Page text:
29 November 2023

The National Health and Medical Research Council (NHMRC) has released the 14th edition of its “10 of the Best” publication featuring the outcomes of some of the outstanding research that has been funded under NHMRC’s grant program.

This annual publication is a tribute to the exceptional researchers and their teams around Australia who are adding new evidence to our mounting knowledge and understanding of health by addressing Australia’s greatest health challenges. 

Research is critical to understand, prevent, detect, and treat disease. NHMRC, as the Australian Government’s lead agency for the support of health and medical research, plays a key role in funding research that has the potential to improve the lives of millions with the ultimate vision of building a healthy Australia.

The projects featured in 10 of the Best – Fourteenth Edition exemplify the extraordinary quality and diversity of projects funded each year by NHMRC. Projects are selected from a review of the final reports submitted to NHMRC for over a thousand grants. The report highlights the research that was conducted, what was achieved, and the next steps of what is yet to come.

The projects showcased in this edition are just a small sample of the outstanding research funded under NHMRC’s grant program each year, of which spans the spectrum of health and medical research, working across the full extent of biomedical, clinical, public health and health services.

NHMRC CEO Professor Steve Wesselingh said that “every day, Australians and people around the world benefit from the discoveries of researchers such as the ones featured in the publication, without knowing the journey”.

“In showcasing this research, we hope to give much deserved recognition to the researchers who strive towards improving the health and wellbeing of all Australians,”

As the Australian Government’s lead agency for the support of health and medical research, NHMRC maintains an integral role in funding research that is critical to our understanding, prevention, detection and treatment of disease.

10 of the Best – Fourteenth Edition presents stories of researchers across Australia delivering culturally-safe maternity care for Aboriginal women, discovering and developing better pain treatments, improving in-vitro fertilisation (IVF) treatment methods, and harnessing the body’s own immune system to improve vaccines to name a few.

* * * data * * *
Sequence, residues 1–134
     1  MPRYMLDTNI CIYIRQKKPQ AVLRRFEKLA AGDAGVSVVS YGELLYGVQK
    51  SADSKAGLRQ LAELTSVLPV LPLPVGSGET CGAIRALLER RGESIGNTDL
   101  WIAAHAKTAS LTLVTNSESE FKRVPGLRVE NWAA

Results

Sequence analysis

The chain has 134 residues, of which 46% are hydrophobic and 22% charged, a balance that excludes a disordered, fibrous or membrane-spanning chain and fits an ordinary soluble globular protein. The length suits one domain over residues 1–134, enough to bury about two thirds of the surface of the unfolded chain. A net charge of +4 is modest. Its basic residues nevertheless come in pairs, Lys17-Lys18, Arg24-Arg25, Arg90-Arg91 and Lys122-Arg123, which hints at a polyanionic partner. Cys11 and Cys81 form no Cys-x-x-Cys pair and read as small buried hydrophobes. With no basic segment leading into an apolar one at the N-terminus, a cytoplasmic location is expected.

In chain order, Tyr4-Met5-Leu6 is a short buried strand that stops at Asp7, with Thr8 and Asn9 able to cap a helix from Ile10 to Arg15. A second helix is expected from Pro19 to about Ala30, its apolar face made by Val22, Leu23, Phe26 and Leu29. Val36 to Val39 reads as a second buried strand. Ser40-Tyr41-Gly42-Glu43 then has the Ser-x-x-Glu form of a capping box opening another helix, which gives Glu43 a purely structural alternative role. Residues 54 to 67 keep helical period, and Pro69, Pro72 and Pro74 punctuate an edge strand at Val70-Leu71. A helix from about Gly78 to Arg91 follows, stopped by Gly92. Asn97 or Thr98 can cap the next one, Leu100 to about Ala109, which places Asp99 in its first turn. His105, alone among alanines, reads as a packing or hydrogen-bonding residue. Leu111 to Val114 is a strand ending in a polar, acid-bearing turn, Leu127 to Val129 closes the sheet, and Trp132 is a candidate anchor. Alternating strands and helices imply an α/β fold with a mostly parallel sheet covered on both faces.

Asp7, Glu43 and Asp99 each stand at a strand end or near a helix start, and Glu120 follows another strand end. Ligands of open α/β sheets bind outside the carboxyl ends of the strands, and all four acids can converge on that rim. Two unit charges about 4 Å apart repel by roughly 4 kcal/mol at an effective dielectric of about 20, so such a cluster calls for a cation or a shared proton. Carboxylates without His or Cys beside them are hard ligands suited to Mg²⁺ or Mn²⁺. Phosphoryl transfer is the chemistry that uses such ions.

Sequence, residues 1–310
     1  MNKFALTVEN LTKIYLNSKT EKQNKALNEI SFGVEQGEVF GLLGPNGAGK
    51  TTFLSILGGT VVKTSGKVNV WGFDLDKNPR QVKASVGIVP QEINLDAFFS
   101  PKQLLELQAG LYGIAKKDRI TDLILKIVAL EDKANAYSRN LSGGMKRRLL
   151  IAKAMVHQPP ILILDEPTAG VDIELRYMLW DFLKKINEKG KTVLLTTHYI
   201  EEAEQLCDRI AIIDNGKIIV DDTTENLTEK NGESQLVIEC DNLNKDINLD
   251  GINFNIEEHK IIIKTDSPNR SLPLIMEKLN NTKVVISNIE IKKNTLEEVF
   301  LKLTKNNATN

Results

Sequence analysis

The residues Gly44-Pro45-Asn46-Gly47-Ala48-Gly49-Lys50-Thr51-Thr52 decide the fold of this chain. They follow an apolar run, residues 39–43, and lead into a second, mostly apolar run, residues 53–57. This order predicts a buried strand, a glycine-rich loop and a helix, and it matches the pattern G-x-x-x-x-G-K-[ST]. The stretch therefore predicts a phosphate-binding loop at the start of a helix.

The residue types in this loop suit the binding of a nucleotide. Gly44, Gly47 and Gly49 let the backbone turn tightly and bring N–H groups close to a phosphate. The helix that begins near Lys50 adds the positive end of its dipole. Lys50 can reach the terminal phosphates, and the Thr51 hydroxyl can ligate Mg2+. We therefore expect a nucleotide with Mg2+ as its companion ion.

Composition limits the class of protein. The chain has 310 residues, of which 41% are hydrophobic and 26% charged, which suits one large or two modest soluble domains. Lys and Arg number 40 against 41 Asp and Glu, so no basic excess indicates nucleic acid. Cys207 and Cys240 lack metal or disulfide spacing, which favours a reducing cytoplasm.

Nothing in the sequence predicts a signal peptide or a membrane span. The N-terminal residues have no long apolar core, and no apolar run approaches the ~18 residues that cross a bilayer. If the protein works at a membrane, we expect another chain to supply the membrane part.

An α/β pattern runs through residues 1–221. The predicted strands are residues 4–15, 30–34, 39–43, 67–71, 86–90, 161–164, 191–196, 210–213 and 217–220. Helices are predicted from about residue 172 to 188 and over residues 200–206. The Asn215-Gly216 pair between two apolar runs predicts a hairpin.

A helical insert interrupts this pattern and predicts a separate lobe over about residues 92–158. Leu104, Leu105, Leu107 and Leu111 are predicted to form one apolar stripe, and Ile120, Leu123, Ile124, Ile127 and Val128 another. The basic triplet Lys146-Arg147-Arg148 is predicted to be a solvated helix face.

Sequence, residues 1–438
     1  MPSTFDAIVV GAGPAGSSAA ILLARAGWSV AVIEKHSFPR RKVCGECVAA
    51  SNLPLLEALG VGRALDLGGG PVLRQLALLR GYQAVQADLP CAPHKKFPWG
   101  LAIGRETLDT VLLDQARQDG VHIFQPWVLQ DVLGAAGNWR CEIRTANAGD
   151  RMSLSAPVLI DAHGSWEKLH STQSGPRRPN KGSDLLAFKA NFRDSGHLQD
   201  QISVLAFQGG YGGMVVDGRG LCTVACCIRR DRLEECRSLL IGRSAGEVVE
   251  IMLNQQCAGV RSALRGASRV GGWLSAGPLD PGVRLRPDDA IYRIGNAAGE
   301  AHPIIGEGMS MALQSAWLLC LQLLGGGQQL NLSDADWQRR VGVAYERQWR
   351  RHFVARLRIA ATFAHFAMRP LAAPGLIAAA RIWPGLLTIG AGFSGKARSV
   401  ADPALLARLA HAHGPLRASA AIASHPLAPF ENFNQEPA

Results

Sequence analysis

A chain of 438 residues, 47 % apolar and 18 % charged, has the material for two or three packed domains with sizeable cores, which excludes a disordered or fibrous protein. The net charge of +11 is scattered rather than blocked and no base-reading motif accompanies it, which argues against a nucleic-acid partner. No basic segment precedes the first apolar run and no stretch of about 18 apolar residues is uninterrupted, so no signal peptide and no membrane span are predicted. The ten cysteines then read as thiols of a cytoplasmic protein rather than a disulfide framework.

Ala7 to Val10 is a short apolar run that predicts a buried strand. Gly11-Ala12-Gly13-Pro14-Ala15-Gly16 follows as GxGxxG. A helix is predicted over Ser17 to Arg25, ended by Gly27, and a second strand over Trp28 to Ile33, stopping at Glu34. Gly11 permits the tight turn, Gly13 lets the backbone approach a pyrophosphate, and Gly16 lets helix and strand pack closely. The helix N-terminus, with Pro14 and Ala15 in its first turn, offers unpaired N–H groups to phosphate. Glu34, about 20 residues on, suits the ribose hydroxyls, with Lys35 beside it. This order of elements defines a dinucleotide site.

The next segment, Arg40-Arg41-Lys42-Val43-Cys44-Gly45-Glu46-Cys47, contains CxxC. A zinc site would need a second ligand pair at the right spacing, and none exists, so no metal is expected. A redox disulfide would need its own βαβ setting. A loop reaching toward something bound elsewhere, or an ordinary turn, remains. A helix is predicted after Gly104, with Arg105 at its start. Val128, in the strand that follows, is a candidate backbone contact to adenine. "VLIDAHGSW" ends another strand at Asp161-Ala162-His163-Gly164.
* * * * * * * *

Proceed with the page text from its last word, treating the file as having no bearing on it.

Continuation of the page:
“Working together and sharing expertise, NHMRC-funded projects will continue to add evidence to our mounting knowledge and understanding of health,”

“The future of Australia’s health and medical research sector is in good hands with researchers, such as the ten featured in this publication, who are leading the way in their respective fields.”

“Congratulations to the researchers and their teams profiled for their outstanding work and achievements, we thank you for your dedication in supporting NHMRC’s vision of building a healthy Australia.” said Professor Wesselingh.

 

The 10 projects showcased are:

Table showing 10 projects featured in 10 of the best – Fourteenth Edition

Title

CIA

Institution

Delivering a legacy of culturally safe maternity care

Professor Rhonda Marriott

Murdoch University

Enhancing future pain treatments using venoms

Professor Richard Lewis

University of Queensland

Driving change in aged care pharmacy practices through data

Dr Lisa Pont

Macquarie University

Mentors inspire an indigenous research career with impact

Professor Cath Chamberlain

La Trobe University

Improving fertility treatment through innovation

Professor Robert Gilchrist

University of New South Wales

Fighting biofilms with a trojan horse

Dr Nicky Thomas

University of South Australia

Community-designed and delivered suicide intervention

Professor Maree Toombs

The University of Queensland

Harnessing the power of natural immunity to extend vaccine protection

Associate Professor Linda Wakim

University of Melbourne

(The Peter Doherty Institute for Infection and Immunity)

Accelerating change in driver safety screening

Professor Kaarin Anstey

University of New South Wales

Growing up and getting stronger: Improving the long-term health of premature babies

Professor Lex Doyle

Murdoch Children’s Research Institute

 

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